With this text, Vatican II laid the foundations for a new understanding of our relations with Jews when it said that "according to the apostle (Paul), the Jews, because of their ancestors, still remain very dear to God, whose gifts and calling are irrevocable (Rm 11:29)".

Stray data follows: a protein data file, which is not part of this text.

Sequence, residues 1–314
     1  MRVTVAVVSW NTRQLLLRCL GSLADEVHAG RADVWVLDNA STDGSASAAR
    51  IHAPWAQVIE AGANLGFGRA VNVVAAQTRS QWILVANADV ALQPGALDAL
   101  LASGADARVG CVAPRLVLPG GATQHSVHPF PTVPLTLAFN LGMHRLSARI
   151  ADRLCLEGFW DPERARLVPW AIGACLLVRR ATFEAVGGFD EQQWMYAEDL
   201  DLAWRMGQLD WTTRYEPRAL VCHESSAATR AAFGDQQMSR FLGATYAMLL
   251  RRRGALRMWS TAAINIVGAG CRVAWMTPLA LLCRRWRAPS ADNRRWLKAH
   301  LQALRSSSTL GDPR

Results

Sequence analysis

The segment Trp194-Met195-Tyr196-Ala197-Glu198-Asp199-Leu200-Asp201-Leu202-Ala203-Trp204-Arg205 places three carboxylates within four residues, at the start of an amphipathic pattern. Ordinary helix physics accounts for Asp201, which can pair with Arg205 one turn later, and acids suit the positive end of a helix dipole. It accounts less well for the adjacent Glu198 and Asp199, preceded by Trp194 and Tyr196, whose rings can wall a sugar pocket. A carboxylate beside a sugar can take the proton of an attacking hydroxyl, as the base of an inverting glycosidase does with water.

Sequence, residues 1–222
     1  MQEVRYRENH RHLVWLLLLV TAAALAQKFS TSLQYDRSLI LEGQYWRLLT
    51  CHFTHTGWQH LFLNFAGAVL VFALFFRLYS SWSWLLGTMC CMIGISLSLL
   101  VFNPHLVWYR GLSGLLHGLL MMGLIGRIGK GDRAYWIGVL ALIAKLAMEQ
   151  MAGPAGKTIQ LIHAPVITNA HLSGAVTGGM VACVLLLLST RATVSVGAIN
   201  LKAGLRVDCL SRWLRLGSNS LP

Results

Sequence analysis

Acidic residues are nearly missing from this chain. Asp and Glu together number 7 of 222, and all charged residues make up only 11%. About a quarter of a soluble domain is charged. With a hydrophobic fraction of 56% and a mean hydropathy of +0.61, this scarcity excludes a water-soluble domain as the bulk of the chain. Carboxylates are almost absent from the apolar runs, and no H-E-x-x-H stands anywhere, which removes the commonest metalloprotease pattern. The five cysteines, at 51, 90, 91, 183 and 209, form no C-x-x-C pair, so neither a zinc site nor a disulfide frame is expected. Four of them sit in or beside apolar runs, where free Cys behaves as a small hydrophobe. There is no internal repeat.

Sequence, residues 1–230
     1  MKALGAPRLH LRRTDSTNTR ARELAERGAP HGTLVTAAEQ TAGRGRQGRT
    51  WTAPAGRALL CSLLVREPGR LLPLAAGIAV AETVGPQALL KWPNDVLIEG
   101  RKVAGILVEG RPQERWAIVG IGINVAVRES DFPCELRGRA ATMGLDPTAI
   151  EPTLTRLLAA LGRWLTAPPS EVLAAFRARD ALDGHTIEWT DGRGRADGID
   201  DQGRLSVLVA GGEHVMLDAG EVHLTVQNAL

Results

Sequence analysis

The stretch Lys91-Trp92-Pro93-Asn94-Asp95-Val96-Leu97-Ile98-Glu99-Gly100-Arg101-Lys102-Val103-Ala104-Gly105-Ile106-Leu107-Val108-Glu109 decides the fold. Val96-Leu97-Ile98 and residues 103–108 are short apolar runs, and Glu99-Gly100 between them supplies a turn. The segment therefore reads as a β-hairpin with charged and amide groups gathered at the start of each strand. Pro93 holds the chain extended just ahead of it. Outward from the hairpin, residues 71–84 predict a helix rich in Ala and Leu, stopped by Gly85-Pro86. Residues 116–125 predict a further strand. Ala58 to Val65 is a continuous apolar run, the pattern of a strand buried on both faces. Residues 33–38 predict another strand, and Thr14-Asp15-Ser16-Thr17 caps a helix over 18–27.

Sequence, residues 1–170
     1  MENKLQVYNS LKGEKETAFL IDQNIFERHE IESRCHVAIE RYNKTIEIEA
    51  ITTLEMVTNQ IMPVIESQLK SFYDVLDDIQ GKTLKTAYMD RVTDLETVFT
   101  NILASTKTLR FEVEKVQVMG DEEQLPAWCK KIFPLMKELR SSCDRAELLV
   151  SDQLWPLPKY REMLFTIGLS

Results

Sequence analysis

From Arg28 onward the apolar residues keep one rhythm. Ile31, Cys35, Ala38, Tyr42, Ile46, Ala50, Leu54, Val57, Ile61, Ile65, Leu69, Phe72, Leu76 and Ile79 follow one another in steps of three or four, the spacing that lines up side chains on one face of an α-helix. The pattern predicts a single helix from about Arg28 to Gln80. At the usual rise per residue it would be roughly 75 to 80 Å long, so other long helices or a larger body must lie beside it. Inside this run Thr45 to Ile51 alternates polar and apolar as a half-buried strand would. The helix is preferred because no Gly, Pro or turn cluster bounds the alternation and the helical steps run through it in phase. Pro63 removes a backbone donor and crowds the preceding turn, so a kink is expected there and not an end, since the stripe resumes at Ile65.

Through his teaching, John Paul II has, on many occasions, taken the initiative in developing this Declaration. During a visit to the synagogue of Mainz (1980) he said: "The encounter between the people of God of the Old Covenant, which has never been abrogated by God (cf. Rm 11:29), and that of the New Covenant is also an internal dialogue in our Church, similar to that between the first and second part of its Bible". Later, addressing the Jewish communities of Italy during a visit to the synagogue of Rome (1986), he declared: "The Church of Christ discovers its ‘links' with Judaism ‘by pondering its own mystery' (cf. Nostra Aetate). The Jewish religion is not ‘extrinsic' to us, but in a certain manner, it is ‘intrinsic' to our religion. We have therefore a relationship with it which we do not have with any other religion. You are our favored brothers and, in a certain sense, one can say our elder brothers". Finally, in the course of a meeting on the roots of anti-Jewish feeling among Christians (1997) he said: "This people has been called and led by God, Creator of heaven and earth. Their existence then is not a mere natural or cultural happening,... It is a supernatural one. This people continues in spite of everything to be the people of the covenant and, despite human infidelity, the Lord is faithful to his covenant".  This teaching was given the stamp of approval by John Paul II's visit to Israel, in the course of which he addressed Israel's Chief Rabbis in these terms: "We (Jews and Christians) must work together to build a future in which there will be no more anti-Jewish feeling among Christians, or any anti-Christian feeling among Jews. We have many things in common. We can do much for the sake of peace, for a more human and more fraternal world". 353